Breaking News on a Restless Planet: Covering Disasters in a Networked Society

Communicating Disasters: ZiF Conference in Bielefeld

How do we cope with a warming planet while living in an increasingly WikiLeakable world? Exactly one year ago, I explored this in my talk given at the University of Colombo during the LEAF Conference.

As I reflected then: “We live in a crisis-ridden world where we have to cope with multiple emergencies unfolding at the same time, impacting us on different fronts. This illustration captures three of them: crisis in biodiversity, man-made climate change, and the new reality of living in a rapidly WikiLeakable world — what I called the Global Glass House.”

I returned to this theme and explored it further this week when giving a keynote address at the Bielefeld University in Germany. I was participating in their international and inter-disciplinary conference on “Dealing with the Disaster of Others”, 26-28 January 2012. The conference was the culmination of a year-long research project on this theme carried out at the University’s Centre for Interdisciplinary Research (ZiF).

I also built on ideas initially discussed in my 2007 book, Communicating Disasters, which was part of the reference material used during th ZiF research project.

Nalaka Gunawardene speaks at ZiF Conference on Communicating Disasters, Bielefeld, Germany: 27 Jan 2012

Here’s the Summary (Abstract) of my talk. PowerPoint slides below.

Breaking News on a Restless Planet: Covering Disasters in a Networked Society

by Nalaka Gunawardene
Science Writer, Blogger & Columnist; Director – TVE Asia Pacific (TVEAP)

Communicating disasters — before, during and after they happen — is fraught with many challenges. The increased volume and flow of information, enabled by the proliferation of information and communication technologies (ICTs), fills some gaps — but not all. Other critical elements such as institution building, training and awareness raising are needed at all levels to create societies that are better informed and prepared.

The news media, driven by their quest for what is new, true and interesting, can be useful allies for disaster managers. But the nexus between these two groups has always been contentious, and the acceleration of the news cycle has made it more so. Having to sustain 24/7 coverage for their fragmented and distracted audiences places enormous pressures on news media to break news first — and reflect later. In this scenario, how can empathetic, ethical and balanced reporting happen?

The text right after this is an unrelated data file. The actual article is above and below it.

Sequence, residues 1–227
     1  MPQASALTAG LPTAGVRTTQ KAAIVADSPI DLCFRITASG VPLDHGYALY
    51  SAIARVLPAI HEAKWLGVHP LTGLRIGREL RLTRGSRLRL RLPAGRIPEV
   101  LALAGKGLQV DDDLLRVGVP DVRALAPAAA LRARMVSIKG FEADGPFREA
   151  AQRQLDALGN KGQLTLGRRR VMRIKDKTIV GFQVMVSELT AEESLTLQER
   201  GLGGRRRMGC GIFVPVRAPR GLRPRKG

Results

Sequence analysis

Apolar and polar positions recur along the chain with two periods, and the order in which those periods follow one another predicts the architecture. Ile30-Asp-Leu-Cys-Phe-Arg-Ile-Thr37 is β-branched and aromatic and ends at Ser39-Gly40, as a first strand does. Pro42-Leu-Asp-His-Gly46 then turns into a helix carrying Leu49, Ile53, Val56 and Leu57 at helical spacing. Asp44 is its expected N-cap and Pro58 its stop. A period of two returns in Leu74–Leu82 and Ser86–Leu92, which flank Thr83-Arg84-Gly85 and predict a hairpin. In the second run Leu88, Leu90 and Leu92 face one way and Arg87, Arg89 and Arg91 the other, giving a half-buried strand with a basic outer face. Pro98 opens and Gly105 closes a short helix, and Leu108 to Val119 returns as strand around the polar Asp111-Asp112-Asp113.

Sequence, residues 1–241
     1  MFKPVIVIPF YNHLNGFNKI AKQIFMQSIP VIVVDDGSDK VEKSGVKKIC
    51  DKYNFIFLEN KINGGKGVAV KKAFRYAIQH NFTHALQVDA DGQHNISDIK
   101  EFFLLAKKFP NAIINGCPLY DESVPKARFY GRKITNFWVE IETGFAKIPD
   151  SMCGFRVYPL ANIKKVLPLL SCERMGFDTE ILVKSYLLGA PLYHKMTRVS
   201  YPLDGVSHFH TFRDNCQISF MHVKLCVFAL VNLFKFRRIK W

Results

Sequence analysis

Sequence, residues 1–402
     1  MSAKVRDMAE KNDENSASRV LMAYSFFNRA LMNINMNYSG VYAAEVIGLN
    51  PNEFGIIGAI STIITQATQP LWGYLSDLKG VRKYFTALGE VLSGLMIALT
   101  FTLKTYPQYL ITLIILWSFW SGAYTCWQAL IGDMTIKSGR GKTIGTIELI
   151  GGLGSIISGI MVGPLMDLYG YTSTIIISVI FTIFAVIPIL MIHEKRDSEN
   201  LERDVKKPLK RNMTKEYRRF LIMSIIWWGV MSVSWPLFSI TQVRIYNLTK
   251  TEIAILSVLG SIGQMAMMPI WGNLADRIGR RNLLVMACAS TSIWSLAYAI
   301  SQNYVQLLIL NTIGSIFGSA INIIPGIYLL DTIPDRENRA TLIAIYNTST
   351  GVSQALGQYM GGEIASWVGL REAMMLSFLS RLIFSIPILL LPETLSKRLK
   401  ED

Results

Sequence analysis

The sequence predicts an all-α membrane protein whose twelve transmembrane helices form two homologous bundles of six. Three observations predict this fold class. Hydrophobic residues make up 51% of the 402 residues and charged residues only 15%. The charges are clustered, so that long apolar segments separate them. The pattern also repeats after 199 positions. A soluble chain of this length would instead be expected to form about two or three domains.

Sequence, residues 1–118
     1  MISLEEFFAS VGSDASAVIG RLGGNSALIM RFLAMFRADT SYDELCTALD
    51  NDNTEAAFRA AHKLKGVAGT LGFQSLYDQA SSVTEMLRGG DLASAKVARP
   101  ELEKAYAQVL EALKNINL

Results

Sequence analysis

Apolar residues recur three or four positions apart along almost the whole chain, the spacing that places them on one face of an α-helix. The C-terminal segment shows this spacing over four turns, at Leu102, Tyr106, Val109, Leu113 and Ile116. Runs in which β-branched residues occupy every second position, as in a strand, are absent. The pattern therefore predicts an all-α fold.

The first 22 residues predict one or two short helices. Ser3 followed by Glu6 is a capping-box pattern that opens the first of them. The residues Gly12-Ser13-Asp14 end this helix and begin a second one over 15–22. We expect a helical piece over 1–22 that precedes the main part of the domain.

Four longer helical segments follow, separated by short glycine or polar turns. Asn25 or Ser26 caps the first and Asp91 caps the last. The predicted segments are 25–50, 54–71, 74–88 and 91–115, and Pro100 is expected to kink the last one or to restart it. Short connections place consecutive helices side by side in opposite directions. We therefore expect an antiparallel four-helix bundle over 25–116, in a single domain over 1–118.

As disasters increase in frequency and intensity partly due to climate change, mainstream media practitioners across Asia struggle to keep up. Disasters are more drawn out (e.g. Pakistan floods, 2010 & Thailand floods, 2011), geographically scattered (Indian Ocean tsunami, 2004) and economically devastating (Tohoku/Fukushima, 2011) than before. This stretches the capacities and resources of many news organisations. Saturation coverage of unfolding disasters can also cause ‘compassion fatigue’ and apathy in audiences.

In today’s networked society, news media are no longer the sole gatherers or distributors of news. Without the trappings and inertia of the institutionalised media, citizen journalists are quick to adopt ICT tools and platforms. What does this mean for communicating disasters that requires care and sensitivity? In which ways can we find synergy between mainstream and new/social media to better serve the public interest on a warming planet? What value-additions can the mainstream media still offer to the coverage of disasters near and far?

We examine these and other larger questions with reference to recent disasters in Asia.

Here’s the PPT:

Wiz Quiz 10: Japan’s struggle with the four elements

Image courtesy Vision Magazine

Earth, water, fire and air.

These are the four basic elements of matter as seen in ancient Greek, Hindu and other traditions. Each had different names for them, but the concepts were similar.

And in recent days, Japan has been experiencing multiple disasters involving all these elements.

It started with the 9.0-magnitude megathrust earthquake off the coast of Japan that occurred at 2.46 pm Japan time on 11 March 2011. Its epicentre was 130 kilometres off the east coast of the Oshika Peninsula of Tohoku, near Sendai. The earthquake triggered highly destructive tsunami waves of up to 10 meters (33 ft) that struck nearby coastal areas minutes after the quake, and in some cases travelled up to 10 km (6 miles) inland. The earthquake and tsunami waves killed over 5,000 people, caused massive property damage and started fires in some affected locations. Most worrying was the damage caused to the Fukushima II nuclear power plant where reactors damaged by the quake and tsunami led to an accidental leak of radioactivity.

Japan has a long history of living and coping with disasters, but the magnitude and confluence of multiple disasters has plunged the country into the worst crisis since the Second World War. This week’s Wiz Quiz devotes several questions to the history and science of tsunamis.

As it turns out, thanks to Japan’s strict building codes and preparedness, the country could absorb much of the powerful earthquake. But the massive tsunami is what caused most of the damage — there is little defence against the mighty waves that come roaring inland, wiping out everything in their path…

Read Wiz Quiz 10: Japan’s struggle with four elements